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Source: Greenpeace New Zealand

Hoardings are going up today in one of the country’s dirtiest rivers – to remind the Prime Minister of the promises she made about New Zealand waterways.

Three billboards – in the algae-filled Selwyn River, Waikirikiri – Canterbury, will include a larger than life image of Jacinda Ardern with her 2017 quote – “ We will clean up our rivers.” 

“Lakes and rivers once enjoyed by kiwi families have become too polluted for our kids to swim in without fear of getting sick,” says Greenpeace campaigner, Gen Toop.

”It’s time for the Prime Minister to make good on her promises to clean up our rivers.”

Over the next few months the Ardern Government is finalising its new freshwater reforms. 

Greenpeace is concerned they will fail to implement a vital part of the solution – cutting synthetic fertiliser use. 

“Synthetic fertiliser is driving intensive dairying, ramping up cow numbers and polluting our rivers,” says Toop.

Synthetic fertiliser is applied to land in huge quantities in New Zealand to grow more grass, which enables higher numbers of cows to be farmed. 

Use of the chemical has increased 627% since 1990 and in that time the dairy herd has more than doubled.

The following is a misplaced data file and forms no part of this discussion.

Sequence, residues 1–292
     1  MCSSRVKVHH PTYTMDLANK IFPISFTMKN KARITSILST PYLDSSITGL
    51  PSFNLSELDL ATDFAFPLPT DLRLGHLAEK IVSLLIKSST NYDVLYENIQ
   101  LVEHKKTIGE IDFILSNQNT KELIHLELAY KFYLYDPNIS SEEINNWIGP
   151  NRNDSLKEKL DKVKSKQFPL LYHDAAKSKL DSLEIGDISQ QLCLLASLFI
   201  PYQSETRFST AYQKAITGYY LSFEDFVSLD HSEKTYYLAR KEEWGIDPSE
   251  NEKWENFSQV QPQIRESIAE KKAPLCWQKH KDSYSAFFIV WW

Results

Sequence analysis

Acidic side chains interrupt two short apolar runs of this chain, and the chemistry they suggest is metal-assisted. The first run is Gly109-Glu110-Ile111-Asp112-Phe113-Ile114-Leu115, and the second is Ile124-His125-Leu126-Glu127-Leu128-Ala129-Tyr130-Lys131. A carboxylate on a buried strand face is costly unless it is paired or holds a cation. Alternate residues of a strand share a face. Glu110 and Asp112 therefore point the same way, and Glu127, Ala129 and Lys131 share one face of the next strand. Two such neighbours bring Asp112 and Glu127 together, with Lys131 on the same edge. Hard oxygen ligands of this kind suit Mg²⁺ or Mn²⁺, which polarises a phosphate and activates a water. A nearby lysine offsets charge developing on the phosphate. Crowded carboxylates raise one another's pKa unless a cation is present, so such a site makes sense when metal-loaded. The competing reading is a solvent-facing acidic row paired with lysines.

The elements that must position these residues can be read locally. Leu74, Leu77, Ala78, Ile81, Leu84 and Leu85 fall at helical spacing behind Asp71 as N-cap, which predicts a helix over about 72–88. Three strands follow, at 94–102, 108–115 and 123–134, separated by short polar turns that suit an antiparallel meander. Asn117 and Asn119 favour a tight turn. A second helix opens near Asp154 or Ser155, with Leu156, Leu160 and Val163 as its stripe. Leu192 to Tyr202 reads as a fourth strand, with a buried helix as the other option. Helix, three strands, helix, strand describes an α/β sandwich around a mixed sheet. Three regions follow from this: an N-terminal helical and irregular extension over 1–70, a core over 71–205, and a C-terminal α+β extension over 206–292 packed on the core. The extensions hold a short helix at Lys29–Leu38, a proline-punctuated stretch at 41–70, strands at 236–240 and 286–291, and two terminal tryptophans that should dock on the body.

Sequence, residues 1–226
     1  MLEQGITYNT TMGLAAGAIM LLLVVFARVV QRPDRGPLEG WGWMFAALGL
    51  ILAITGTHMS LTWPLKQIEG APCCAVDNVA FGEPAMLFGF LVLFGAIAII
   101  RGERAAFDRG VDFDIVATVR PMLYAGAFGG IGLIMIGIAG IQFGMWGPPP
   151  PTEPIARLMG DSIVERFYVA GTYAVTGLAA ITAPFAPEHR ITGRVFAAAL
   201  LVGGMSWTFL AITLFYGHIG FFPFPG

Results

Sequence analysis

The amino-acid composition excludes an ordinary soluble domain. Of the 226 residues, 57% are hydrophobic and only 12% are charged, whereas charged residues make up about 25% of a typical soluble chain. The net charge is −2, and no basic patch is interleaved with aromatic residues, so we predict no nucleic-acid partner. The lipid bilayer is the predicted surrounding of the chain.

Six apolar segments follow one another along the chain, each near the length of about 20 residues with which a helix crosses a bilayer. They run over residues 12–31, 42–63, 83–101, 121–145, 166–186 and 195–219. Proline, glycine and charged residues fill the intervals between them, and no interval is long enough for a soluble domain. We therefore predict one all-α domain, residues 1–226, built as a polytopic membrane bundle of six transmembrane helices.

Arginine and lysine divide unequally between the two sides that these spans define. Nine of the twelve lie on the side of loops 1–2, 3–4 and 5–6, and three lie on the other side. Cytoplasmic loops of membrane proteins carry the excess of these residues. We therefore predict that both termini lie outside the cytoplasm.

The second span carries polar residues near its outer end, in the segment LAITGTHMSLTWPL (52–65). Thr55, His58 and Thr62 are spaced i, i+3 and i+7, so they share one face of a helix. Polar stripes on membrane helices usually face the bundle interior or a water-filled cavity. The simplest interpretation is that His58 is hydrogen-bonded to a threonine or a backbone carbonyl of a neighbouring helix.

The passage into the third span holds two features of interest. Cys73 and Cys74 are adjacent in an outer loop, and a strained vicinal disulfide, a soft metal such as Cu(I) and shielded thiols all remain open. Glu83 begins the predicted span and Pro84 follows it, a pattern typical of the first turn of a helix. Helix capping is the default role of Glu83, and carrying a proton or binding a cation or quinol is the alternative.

“Nitrogen pollution from cow urine and synthetic fertiliser run-off threaten the safety of our drinking water and drive algal blooms which kill off life in rivers and lakes” says Toop.  

“These billboards are a gentle reminder to the Prime Minister, that a cap on synthetic fertiliser must be part of the clean water plan. Anything less will render new freshwater reforms meaningless,” warns Toop.

Synthetic fertiliser not only causes pollution through enabling dairy intensification, the chemical itself is also the third largest nitrogen pollutant into the country’s waterways. Despite this, there are currently no restrictions on the amount that can be used.

Jacinda Ardern is aware of the problem, saying in a 2017 keynote speech: “more cows per hectare, more fertiliser and irrigation, all cause more livestock effluent and nutrient pollution to run off into our rivers.”

Toop says “Putting a cap on synthetic fertiliser, is vital to creating a New Zealand where Kiwi families can enjoy clean lakes and rivers again and access safe drinking water into the future.” 

Several studies show that farmers can increase or retain profitability when reducing synthetic fertiliser and farming fewer cows. A recent study by Landcare Trust showed farmers could increase profitability by 29% through cutting synthetic fertiliser and lowering cow numbers.

“A cap on synthetic fertiliser is the first step to phasing out the use of this harmful chemical altogether and putting New Zealand on the path to higher-value and more profitable food production through regenerative farming.”